Note, the format of my Short and Sweet reviews differs in that they simply comprise the book blurb and a short response (hence, the short and sweet).
A quirky cover. A charming story reminiscent of Ghost. The only thing that stopped me reading this in one sitting was my body’s need for sleep (when a book hits you in the face, sometimes you have to accept that sleep is called for). Here’s the blurb:
Lucy Muir is leaving her husband. It’s complicated. They’re joint owners and chefs at one of the best restaurants in town, so making a clean break is tough. But, let’s face it, a woman can only take so much cheating, recipe stealing and lack of good grace. Despondently driving around the back streets of Woolloomooloo one night, Lucy happens upon an old, empty terrace that was once the city’s hottest restaurant: Fortune. One minute she’s peering through grimy windows into an abandoned space, the next she’s planning a pop-up bistro.
When Lucy fires up Fortune’s old kitchen she discovers a little red recipe book that belonged to the former chef, the infamous Frankie Summers. As she cries over the ingredients for Frankie’s French Onion Soup, she imagines what Fortune was like in its heyday. It’s strange, Lucy can sense Frankie beside her, almost see him there … This fiery chef, who lived with a passion for food and women in almost equal measure, just might help Lucy cook herself up a better life. But is she brave enough to believe?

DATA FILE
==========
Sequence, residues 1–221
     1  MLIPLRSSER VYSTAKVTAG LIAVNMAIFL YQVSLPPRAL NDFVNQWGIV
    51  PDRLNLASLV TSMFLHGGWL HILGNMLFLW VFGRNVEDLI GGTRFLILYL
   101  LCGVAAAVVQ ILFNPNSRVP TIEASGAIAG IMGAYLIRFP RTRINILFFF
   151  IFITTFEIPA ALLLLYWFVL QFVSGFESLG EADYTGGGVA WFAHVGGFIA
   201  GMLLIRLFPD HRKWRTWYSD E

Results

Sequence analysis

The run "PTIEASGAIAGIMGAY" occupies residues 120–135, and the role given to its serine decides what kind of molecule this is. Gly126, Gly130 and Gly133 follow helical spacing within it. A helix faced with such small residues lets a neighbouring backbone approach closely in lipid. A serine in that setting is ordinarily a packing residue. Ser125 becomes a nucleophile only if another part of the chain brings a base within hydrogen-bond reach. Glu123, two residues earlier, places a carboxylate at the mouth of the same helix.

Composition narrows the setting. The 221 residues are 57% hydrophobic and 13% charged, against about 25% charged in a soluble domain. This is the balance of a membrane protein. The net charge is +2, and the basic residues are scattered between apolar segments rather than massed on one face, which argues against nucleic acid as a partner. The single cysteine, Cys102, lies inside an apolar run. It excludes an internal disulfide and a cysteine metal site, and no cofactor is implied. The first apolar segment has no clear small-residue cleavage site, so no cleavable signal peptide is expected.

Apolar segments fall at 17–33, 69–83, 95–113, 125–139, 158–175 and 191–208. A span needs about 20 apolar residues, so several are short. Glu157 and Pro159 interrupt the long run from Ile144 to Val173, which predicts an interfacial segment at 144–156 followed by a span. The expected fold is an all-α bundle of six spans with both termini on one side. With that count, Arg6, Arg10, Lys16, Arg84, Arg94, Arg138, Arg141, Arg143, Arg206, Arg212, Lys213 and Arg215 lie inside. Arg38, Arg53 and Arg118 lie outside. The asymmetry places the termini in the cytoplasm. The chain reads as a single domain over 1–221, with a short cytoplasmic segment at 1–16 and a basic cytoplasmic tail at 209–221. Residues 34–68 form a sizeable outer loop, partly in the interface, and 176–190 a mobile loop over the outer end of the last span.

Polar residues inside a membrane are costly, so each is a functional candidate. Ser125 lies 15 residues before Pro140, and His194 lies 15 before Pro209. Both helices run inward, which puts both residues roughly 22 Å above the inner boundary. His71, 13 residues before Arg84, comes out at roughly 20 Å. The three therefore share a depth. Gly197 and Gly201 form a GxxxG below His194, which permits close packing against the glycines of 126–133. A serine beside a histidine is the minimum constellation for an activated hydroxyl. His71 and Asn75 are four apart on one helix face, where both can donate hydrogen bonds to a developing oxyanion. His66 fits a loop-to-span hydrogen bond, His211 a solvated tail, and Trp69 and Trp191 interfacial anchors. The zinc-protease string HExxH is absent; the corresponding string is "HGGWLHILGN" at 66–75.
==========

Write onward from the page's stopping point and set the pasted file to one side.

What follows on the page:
J.D. Barrett serves up an entertaining blend of magical realism and romantic fantasy in The Secret Recipe for Second Chances, combining her own love of food and understanding of audience engagement (as a television writer and producer) for a winning formula. It’s an easy and engaging read filled with lovable and memorable characters all looking for a second chance, whether it’s Lucy trying to re-start her life, Frankie trying to find out who killed him and why, and Bill, a homeless man who keeps an eye on the dilapidated restaurant. There are plenty of laugh out loud moments, as well as moments when you want to shake characters(like Leith, Lucy’s selfish ex), and others when you, like Lucy, want to believe in the magic of the moment.
My only gripe was that the final few chapters cram too much in, giving a rushed feel, pushing readers towards the climax, the big moment, rather than teasing it out some more. The pacing felt wrong and for me, it reduced the impact it should have had. Overall, though, it’s a lot of fun, and the recipes scattered through the book, an added and welcome bonus for this food lover.
Available from good bookstores (RRP $29.99AUD). My copy was courtesy of Hachette.